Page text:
A day in Auschwitz : our thoughts and feelings.

vendredi 16 juin 2006
par  Patricia Gaubert-Dubois

These are the texts written by the 1ère L students after their visit to Auschwitz in February 2006 :

The visit of Auschwitz was something unique. It was very good for the project in class because we really saw what we had talked about in class all that time.
Auschwitz-Birkenau is very big , the overview is very impressing and shocking. The snow strengthened the calm and the oppressing atmosphere. During the visit we saw the « death barrack », it was the barrack number 25 where the girls selected for death had to wait. We saw the ruin of the gas-chambers, it was very strange to be near it, it is a feeling we can have only in this place. After the visit, the two survivors made a speech and three girls of the class read Charlotte Delbo’s poems before a minute of silence laden with feelings.
Benjamin Ladjaj

I was impressed by the size of the camp, there were a lot of sheds. It was all white because of the snow, so it gave me a feeling of peace and quietness , it was at the opposite of all that happened here.It was really strange.
On the site, the majority of the people were quiet and respectful ; but there were some persons who didn’t respect the deaths of the holocaust and some of them were laughing or saying all the time that they were hungry .I found these people very stupid, immature and disrespectful.
It was a very strange day, I was sad, indignant , horrified during all the day, and this feeling still follows me. This day I could smell the perfume of death.
Cécile Favre
This day was very tiring but I am happy to have had this opportunity.

Charlotte

But when Ida Grinspan talked, it
was very, very interesting. Ida is an ex-deportee of Auschwitz, so she
told us her own story, with her feelings and choices, and she answered
our questions. I think we didn’t have enough time with her !

Auschwitz I. It was so strange. The snow illuminated the camped, which
looked like an old city, not like a place of horror. And the sun coloured
the atmosphere with red, pink, orange... It was beautiful. Atrociously beautiful.

Déborah

We walked, where they had walked, we were where they had fallen, where they had cried, where they had suffered. Everybody was covered but we were still cold. But them, what did they feel with only a piece of clothing on their bodies. They were cold, they were hungry.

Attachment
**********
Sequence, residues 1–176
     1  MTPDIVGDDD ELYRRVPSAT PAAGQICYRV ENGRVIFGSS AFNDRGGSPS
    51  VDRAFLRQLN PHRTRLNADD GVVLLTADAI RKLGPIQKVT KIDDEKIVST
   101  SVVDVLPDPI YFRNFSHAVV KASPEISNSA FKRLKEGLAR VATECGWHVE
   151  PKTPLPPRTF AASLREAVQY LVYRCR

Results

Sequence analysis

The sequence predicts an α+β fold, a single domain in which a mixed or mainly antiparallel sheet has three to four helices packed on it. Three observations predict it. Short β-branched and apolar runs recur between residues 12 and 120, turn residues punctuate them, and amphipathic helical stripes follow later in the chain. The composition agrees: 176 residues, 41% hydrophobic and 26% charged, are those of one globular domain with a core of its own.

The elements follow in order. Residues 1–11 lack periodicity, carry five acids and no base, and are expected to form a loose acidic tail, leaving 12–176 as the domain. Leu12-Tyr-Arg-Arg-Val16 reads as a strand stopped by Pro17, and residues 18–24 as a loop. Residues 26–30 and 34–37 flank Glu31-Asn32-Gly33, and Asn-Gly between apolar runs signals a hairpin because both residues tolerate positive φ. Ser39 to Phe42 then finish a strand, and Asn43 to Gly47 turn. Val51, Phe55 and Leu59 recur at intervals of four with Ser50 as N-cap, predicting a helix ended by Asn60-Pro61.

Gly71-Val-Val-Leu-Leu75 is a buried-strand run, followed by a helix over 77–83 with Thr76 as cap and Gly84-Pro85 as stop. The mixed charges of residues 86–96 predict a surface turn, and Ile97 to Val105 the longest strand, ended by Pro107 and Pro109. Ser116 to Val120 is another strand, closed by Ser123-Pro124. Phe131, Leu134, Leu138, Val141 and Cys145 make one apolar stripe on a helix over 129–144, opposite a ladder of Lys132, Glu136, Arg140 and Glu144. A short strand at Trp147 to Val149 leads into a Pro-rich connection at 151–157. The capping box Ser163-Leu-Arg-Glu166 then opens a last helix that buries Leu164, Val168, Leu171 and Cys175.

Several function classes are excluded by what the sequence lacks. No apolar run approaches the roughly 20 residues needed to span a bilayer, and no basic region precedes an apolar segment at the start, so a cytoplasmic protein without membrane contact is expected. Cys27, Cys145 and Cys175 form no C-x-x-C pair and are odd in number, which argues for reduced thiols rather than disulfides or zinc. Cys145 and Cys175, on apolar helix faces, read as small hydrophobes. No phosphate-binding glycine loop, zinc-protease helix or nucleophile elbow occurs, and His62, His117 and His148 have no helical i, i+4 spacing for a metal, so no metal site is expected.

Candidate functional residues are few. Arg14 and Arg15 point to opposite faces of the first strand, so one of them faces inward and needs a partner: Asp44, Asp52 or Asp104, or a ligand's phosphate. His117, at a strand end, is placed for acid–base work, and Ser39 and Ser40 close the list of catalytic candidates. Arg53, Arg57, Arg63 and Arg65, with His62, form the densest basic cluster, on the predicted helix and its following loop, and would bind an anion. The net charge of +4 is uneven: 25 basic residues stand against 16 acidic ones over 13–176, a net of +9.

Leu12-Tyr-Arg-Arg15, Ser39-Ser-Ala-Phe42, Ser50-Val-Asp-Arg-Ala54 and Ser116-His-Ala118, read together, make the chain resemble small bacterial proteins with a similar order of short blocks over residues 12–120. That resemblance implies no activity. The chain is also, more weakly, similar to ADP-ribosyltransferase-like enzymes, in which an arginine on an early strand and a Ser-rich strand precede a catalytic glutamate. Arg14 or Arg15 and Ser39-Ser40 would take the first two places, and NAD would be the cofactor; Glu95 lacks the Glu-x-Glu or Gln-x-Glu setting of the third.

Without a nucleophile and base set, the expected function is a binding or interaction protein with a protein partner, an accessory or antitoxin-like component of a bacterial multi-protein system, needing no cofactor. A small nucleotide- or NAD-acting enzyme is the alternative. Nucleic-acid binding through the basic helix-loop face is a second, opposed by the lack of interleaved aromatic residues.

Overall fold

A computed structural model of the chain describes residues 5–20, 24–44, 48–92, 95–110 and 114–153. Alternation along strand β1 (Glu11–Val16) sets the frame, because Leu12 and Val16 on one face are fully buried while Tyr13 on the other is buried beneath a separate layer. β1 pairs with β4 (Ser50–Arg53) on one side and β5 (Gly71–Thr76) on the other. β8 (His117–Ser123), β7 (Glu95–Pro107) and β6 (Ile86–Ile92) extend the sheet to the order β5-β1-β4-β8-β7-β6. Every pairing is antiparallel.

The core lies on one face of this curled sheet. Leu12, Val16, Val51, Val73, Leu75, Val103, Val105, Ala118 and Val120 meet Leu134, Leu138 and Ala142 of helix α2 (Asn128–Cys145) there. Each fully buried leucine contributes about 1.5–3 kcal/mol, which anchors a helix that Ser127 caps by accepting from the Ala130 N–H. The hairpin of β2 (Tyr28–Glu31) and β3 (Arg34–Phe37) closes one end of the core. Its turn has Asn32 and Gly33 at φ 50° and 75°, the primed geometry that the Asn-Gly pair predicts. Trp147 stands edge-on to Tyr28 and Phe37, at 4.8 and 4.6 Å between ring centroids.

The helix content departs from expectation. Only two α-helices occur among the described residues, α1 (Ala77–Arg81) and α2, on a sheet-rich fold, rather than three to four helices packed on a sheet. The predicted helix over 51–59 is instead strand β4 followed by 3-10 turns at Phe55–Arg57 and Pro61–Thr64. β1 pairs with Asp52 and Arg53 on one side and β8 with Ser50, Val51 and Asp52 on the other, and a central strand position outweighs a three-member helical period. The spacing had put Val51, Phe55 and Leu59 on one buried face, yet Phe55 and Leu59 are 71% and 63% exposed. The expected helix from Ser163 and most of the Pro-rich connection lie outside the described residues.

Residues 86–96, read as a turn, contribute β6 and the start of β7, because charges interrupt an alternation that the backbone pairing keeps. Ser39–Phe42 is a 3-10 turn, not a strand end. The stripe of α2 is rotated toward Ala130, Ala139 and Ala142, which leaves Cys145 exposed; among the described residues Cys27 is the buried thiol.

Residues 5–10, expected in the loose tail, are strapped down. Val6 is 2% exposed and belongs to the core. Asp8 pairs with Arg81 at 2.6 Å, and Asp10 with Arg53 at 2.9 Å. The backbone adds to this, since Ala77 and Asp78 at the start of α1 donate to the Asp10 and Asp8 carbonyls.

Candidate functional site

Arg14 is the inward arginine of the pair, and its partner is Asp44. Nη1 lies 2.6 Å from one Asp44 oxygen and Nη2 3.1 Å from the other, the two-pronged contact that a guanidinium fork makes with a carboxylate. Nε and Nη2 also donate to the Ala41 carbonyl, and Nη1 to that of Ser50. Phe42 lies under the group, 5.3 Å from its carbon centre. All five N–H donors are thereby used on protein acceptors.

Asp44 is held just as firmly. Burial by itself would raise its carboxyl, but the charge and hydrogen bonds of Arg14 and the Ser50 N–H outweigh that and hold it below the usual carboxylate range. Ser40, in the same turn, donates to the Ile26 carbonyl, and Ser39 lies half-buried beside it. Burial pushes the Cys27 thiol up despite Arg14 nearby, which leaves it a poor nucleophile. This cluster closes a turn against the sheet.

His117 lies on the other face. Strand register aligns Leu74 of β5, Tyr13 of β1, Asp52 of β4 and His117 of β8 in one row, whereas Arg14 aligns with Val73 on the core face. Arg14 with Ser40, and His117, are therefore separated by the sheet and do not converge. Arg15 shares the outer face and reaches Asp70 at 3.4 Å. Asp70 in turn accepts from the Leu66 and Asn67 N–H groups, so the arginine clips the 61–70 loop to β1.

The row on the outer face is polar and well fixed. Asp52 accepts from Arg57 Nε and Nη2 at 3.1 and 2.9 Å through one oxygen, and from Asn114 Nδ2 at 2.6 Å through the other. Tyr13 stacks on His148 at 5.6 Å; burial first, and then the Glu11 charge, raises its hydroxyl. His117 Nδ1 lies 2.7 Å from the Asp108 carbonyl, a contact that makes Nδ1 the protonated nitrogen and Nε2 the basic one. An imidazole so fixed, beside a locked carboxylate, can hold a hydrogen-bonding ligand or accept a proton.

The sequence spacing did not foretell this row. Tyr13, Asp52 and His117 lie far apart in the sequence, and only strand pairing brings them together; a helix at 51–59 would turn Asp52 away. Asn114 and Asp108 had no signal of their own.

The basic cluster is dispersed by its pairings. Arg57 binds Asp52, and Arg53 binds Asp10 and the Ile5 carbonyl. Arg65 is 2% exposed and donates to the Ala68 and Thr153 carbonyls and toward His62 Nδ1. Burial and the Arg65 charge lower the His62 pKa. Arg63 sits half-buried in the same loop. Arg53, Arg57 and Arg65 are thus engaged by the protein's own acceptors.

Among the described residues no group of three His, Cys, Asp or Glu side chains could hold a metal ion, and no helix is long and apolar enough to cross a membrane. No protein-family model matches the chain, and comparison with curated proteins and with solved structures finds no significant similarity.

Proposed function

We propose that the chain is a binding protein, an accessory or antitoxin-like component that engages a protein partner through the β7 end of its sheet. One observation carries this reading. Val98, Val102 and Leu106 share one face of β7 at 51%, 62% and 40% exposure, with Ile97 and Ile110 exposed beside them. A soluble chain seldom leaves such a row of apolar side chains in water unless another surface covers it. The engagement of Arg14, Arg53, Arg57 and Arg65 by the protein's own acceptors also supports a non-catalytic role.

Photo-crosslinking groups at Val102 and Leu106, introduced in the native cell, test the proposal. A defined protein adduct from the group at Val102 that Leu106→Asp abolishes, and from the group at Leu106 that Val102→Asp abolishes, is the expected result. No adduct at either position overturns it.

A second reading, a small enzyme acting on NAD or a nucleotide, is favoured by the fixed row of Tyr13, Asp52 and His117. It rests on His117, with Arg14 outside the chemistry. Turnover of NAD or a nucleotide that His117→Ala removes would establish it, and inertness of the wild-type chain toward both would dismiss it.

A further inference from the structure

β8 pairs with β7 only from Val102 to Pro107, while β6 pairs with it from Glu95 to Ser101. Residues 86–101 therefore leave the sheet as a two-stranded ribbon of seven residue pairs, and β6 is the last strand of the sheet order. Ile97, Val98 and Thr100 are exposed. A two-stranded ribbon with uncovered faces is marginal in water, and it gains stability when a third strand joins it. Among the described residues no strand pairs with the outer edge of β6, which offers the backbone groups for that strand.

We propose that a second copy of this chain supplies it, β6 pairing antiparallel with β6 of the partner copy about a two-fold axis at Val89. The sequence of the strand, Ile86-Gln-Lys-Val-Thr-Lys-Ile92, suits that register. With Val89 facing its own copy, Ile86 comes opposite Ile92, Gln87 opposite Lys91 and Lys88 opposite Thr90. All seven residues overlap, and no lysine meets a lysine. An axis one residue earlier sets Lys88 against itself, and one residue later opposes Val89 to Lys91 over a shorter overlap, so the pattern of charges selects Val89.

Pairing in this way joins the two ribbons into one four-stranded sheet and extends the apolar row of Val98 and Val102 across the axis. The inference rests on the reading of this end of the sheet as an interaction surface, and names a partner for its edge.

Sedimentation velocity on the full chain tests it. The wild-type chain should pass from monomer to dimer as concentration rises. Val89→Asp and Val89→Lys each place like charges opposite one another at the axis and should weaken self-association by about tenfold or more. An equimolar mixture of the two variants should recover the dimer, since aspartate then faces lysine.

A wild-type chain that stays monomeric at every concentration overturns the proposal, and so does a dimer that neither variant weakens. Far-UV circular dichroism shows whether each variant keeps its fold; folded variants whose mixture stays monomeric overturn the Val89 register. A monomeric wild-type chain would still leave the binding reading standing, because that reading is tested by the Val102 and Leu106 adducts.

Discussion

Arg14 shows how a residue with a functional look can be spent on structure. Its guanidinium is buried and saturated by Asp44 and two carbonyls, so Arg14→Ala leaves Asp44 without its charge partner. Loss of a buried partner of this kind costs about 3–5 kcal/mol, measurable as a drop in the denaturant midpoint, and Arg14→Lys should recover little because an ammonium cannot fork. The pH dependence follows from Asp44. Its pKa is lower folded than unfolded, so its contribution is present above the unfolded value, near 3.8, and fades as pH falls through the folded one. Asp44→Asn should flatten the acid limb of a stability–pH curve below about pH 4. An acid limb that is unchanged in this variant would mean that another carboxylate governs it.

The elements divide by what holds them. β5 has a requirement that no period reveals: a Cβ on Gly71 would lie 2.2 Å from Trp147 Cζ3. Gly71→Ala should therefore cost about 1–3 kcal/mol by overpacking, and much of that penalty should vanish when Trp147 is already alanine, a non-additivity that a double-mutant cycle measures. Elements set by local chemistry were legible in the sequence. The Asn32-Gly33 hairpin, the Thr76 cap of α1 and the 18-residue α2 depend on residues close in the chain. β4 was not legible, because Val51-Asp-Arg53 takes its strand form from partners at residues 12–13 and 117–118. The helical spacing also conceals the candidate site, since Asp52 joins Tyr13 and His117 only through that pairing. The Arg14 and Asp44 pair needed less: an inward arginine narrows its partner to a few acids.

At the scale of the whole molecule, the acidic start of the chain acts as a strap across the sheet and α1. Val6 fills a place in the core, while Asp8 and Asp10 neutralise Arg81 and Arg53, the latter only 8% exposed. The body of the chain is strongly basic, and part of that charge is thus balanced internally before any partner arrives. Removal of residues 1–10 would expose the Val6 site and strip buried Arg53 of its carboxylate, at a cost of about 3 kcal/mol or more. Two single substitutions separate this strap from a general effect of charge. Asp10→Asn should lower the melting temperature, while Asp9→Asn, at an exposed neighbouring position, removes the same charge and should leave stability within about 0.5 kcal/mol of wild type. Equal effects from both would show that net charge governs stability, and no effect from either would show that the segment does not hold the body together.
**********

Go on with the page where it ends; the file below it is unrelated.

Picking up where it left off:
Julie

Then Léah and Victoria read a poem by Charlotte Delbo. Ida was in tears because she had known Charlotte Delbo really well while she was in the camp. We had studied this poem plenty of times in class and studied its meaning , but I had never ever felt the importance and the emotion of every word of this poem until I heard it just then. It just seemed beyond the limits of sadness. Ida was really distraught because her mother had died in the camp , and the poem talked about a dead mother. There was a complete silence when the poem finished, and no one talked for ages, I just couldn’t take it anymore, it was so overwhelming. I burst into tears. We all walked quietly back to the bus.

Elizabeth

In the bus which was waiting for us in Cracow, we met Ida Grinspan, a deportee, she told us about her life before and during the deportation. Her story was moving. In this bus, I really realized what we have talked about during long months.
In the afternoon, we went to Auschwitz I. To see the entry « Arbet macht frei » gave me the shivers. This camp was very frightening because it gave an impression of peaceful city, with pleasant lights in front of each door . It was impossible to think about the abominations which were practised here.
Charline Courivaud
There, I was very shocked ! We saw accumulations of things which belonged to Jews such as shoes, hairs, bags, dishes and prostheses. It was very shocking. Then we went to a gas chamber. We saw on the wall lacerations of nails. I felt ill at ease.

Lucille

I was well covered, however I was frozen by the snow and the icy wind of Poland during the visit. I imagined the prisoners equipped only with one fine shirt, trousers and fitted with wooden shoes, working in muddy snow all the day until exhaustion.
How could they have survived in these conditions ?
It was really superhuman.

Pauline

When the plane took off, we were all very excited to go to this impressive place we were all thinking about. Slowly, I felt into a deep sleep. A nightmare came into my mind. Many nazi officers in black green uniform were howling in German « Schnell ! Schnell ! Arbeit, nicht brot ! Nicht kartofell ! Nur arbeit !! ». This nightmare took end when the plane landed. I thought it was a very strange nightmare, all together frightening and ridiculous.

Valérian

I felt very disturbed at seeing the camp with my own eyes. I knew that many SS had walked where I was walking now. The visit of the camp lasted approximately 4 hours and we all were paralysed by the cold but none among us dared tell it. We all knew what the Jews had undergone and we felt guilty to be cold !
I can’t describe my feeling even if it’s over now... We’ve seen things we’ll never see again.
There was something strange in the camp : it looks very quiet and very peaceful but the small numbered buildings (also called “BLOCKS”) let us voiceless. We knew the past of these places and that visit of Auschwitz I was very disturbing especially when we saw the prisons or the “medical rooms”. Our trip finished with the visit of a Museum, or a memorial.

Thibaud

Then we walked, the sound of our footsteps made us think of the footsteps taken by the deportees every day to go to work. One moment , I could imagine the suffering of these people which made me sick. But some other times , I found it very difficult to imagine all the atrocities that happened in this place.

Victoria